HENRICO COUNTY, Va. -- It’s an understatement to say that Rocky Run Farm in Dewitt is a family affair. Taylor Lee left his job in 2017 to build the chicken and sweet corn operation.
“I'm the seventh generation to farm,” Lee said. “I was raised up on a farm and to raise my kids on a farm is something that was important to me.”
Nearly $1 million of financing and a year of construction six years ago eventually lead to Monday, when Lee got the news that Tyson Foods was planning to close their Glen Allen processing plant in May. Taylor said 35 to 40% of his annual revenue comes from his Tyson contract.
“You don't think of a company like Tyson just, you know, calling you up one day and saying that's it. So, it took a while to sink in,” Lee said.
A spokesperson for Tyson said the closure was part of a companywide strategy to streamline their operations. The Glen Allen plant is one of two the company plans to close in the coming months.
“While the decision was not easy, it reflects our broader strategy to strengthen our poultry business by optimizing operations and utilizing the full available capacity at each plant,” Tyson Foods said in a statement to CBS 6.
Lee and other sources told CBS 6 that more than 70 farmers in Central Virginia work directly with the Glen Allen plant to grow flocks. Tips began coming into the newsroom that many face an uneasy future when news of the plant closure first surfaced.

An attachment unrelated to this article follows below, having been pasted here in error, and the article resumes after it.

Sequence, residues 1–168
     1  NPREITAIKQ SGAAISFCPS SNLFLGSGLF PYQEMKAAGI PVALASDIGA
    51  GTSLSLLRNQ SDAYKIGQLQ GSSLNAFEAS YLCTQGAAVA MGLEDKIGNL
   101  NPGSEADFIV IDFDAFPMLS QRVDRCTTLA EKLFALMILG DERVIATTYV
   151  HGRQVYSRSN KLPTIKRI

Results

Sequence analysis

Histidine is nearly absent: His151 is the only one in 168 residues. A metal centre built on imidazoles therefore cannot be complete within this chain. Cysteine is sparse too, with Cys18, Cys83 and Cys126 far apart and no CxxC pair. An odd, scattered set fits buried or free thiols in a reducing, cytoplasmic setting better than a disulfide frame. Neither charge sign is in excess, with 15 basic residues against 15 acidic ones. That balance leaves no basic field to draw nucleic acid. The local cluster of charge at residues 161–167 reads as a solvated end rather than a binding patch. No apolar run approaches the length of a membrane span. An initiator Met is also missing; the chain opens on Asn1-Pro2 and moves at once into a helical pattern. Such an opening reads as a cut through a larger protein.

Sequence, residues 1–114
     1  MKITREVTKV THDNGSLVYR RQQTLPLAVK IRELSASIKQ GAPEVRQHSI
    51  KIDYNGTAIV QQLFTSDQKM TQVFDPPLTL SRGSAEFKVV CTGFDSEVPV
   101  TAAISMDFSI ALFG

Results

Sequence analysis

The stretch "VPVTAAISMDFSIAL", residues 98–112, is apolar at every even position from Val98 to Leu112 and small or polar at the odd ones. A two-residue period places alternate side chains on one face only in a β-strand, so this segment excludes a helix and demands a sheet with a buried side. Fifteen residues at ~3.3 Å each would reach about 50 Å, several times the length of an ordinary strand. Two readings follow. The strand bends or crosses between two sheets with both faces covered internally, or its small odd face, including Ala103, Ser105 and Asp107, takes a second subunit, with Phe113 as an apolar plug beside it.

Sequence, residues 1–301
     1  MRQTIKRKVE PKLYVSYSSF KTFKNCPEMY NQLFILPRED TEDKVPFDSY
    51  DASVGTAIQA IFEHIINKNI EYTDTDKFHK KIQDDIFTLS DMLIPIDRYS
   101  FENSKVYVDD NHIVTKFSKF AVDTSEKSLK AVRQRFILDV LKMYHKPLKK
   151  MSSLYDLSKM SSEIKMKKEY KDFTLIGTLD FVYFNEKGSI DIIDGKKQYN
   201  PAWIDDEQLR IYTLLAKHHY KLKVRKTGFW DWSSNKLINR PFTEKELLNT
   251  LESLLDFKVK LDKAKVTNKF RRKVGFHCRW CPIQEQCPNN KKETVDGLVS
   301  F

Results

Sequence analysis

Lee pointed out that much like most agriculture, other industries are connected to the plant as well.
“It's going to affect all of our local farmers, even throughout the state, because Tyson bought a lot of corn and grain products to make feed for these chickens. So that's a big, big void that's gonna have to be filled; a market that that's kind of gone away now,” Lee said. “
Rocky Run Farm’s sweet corn business remains, and Lee said they have a sizable following of locals who purchase it at area farmer’s markets.
Now, Lee is exploring his options for the two 31,500 square feet facilities that accounted for a large portion of his business. It’s an uneasy moment for small operations like Lee’s, which runs by himself with the occasional help of a high school student who stops by after school.
“We're hoping maybe another integrator will come in [eventually], another company will come in and want to grow chickens here,” Lee said. “Maybe doing a co-op deal, where some of us local farmers could get together and produce chicken for ourselves.”
“All of this is just ideas running through everybody's head when something like this happened. It's gonna be a long process to get back to going no matter what happens for a lot of people,” he said.
A message to a Tyson Foods spokesperson about the impact of the plant closure on local farmers has not yet been returned.